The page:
My best advice when you’re presented with hysterical claims and angry outbursts designed to intimidate and sway opinions, is to rely upon what’s inside all of us. Common sense. I’ve performed multiple blind tests of cables, amps, preamps, software and other audio related things – and so have you – and the differences are obvious, the results repeatable. Common sense tells you you’re right and bullying challenges should not change your opinion.

Asheville, Walnut Cove, Biltmore Forrest and Western North Carolinas Audio and Home Theater specialists present Cane Creek AV and Paul McGowan – PS Audio, Intl.


There’s an intriguing dynamic in people; feeling threatened by other beliefs.

We just launched the NuWave DSD, a great and economical entry level DAC. No sooner was it released when we get a note from a well known engineer proclaiming DSD a sham, a Sony storage mechanism pulling the wool over unsuspecting eyes. We are told by this engineer that before too long the blindfold will be removed and we’ll finally understand what a scam DSD is!!!

And, of course, we’re among the evil people perpetrating the ruse.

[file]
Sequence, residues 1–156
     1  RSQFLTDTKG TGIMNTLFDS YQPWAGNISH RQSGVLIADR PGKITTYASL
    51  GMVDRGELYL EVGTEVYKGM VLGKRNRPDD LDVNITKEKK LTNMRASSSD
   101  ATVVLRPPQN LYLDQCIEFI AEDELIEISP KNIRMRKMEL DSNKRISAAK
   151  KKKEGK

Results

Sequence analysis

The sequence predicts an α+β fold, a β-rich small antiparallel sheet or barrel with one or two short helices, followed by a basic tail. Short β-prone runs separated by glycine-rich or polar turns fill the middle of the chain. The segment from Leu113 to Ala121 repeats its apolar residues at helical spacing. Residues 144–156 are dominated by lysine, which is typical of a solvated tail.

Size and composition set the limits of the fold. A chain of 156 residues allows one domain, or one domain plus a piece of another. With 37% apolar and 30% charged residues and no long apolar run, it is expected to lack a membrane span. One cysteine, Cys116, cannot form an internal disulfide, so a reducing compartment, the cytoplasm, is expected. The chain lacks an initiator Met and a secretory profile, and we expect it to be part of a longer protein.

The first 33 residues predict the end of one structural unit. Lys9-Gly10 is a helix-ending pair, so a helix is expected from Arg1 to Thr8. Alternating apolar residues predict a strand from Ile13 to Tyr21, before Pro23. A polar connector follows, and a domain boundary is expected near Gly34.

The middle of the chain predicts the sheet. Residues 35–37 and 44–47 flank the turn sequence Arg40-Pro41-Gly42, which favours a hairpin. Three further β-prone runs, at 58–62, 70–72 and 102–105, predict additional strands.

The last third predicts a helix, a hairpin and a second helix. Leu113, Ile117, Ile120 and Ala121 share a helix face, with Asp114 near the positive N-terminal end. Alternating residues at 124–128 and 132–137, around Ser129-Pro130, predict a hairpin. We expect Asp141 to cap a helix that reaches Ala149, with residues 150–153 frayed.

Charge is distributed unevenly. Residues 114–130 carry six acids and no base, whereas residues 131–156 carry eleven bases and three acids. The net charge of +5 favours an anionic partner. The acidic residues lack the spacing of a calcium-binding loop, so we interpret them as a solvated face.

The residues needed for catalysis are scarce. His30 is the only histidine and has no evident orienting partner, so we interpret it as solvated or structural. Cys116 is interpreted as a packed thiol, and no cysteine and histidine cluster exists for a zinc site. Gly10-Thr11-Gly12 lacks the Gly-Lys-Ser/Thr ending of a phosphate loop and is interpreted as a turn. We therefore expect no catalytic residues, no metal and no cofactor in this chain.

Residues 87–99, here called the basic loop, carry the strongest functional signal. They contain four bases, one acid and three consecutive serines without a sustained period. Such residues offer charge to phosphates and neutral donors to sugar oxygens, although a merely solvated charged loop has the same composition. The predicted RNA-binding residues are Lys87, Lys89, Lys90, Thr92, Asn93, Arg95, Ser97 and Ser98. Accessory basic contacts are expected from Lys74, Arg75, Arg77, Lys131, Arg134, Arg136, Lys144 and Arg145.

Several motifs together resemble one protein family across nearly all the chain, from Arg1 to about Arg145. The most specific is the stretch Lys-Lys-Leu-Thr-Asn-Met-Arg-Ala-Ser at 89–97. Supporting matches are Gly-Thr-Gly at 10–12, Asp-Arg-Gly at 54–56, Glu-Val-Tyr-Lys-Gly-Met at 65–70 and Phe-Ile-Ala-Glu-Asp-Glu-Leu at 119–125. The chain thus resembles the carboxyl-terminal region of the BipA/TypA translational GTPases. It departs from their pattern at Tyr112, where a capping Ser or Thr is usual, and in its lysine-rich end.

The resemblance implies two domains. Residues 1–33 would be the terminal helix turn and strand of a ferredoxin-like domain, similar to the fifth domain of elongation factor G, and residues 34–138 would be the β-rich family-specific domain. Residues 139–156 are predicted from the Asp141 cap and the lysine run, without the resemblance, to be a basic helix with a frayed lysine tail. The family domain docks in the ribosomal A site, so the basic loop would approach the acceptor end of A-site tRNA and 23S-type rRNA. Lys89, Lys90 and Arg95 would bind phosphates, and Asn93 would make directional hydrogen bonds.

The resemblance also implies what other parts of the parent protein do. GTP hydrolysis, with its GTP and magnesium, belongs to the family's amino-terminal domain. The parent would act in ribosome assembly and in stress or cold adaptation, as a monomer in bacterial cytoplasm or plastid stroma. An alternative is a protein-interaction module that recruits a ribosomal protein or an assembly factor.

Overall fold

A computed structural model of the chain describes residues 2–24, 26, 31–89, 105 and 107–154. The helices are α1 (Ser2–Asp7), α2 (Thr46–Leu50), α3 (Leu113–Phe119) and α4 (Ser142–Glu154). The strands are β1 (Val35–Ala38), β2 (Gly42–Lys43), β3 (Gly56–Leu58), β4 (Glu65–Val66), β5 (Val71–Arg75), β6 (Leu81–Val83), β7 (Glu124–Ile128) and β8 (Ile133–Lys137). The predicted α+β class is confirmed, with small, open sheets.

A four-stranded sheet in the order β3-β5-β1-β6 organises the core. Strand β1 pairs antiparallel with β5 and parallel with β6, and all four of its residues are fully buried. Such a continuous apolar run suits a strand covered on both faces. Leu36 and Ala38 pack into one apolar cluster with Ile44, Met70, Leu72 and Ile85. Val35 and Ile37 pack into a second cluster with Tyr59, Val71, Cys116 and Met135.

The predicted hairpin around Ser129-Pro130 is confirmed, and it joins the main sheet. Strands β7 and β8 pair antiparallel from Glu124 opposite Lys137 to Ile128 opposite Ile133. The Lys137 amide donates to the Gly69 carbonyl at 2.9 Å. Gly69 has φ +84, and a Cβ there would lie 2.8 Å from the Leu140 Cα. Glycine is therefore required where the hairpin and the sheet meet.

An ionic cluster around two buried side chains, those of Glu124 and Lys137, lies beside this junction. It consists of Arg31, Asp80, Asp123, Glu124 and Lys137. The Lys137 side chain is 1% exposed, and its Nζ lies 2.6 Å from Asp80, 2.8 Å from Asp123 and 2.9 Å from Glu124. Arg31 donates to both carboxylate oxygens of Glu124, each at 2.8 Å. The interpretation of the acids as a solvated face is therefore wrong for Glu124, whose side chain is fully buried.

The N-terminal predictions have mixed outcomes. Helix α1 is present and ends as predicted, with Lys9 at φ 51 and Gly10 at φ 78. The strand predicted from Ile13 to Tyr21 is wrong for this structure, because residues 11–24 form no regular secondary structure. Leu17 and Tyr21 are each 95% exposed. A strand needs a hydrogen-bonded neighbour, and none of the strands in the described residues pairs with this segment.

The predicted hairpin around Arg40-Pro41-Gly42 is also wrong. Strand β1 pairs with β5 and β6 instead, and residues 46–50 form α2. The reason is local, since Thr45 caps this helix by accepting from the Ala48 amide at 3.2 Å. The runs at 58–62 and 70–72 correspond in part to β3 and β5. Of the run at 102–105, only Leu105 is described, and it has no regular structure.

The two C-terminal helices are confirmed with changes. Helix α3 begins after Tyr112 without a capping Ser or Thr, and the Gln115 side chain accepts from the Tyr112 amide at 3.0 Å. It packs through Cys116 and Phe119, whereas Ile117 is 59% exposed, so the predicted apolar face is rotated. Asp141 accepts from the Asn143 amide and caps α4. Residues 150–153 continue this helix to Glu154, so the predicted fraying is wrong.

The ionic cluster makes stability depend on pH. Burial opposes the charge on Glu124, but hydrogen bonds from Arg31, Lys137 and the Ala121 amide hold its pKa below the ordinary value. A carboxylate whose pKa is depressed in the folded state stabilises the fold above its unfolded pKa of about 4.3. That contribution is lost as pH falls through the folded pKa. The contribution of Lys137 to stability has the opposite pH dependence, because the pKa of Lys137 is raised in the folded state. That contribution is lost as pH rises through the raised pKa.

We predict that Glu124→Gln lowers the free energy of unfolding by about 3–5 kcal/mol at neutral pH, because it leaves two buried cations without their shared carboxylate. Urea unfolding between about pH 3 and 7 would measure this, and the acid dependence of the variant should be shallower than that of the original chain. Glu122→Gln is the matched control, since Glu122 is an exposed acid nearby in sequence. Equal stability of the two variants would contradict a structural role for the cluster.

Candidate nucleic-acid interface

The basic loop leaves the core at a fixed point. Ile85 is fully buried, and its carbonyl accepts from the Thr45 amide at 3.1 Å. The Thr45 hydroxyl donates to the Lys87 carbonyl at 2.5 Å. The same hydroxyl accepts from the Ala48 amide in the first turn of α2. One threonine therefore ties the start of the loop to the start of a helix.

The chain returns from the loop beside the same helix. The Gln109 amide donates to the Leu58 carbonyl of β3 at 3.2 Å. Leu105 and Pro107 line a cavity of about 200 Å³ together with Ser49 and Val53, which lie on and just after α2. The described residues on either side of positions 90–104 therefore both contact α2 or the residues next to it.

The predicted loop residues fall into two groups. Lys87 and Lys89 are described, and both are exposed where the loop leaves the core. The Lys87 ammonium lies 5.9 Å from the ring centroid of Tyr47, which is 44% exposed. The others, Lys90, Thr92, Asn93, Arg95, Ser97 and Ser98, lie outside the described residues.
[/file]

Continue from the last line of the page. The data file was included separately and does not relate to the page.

First, of course, the person is completely misguided and incorrect. DSD is a format (not a storage medium) that uses pulse density modulation where PCM is another format that uses pulse code modulation. They both have their benefits and problems; neither is perfect. I like and listen to both, though my preference leans towards DSD as closer to analog than PCM. But I do not get angry over the situation and question why anyone would take this personally.

Similarly I do not understand why people are threatened with tattoos, or piercings. Are they something I would ever consider? No, but I don’t feel threatened by them. That segment of the population feels compelled to stand out against the norm. When I was a lad some of us grew our hair long, smoked pot and listened to rock and roll, much to the horror of our parents. I don’t typically feel threatened by other beliefs or viewpoints when they do not affect me. But getting worked up over PCM or DSD? Really?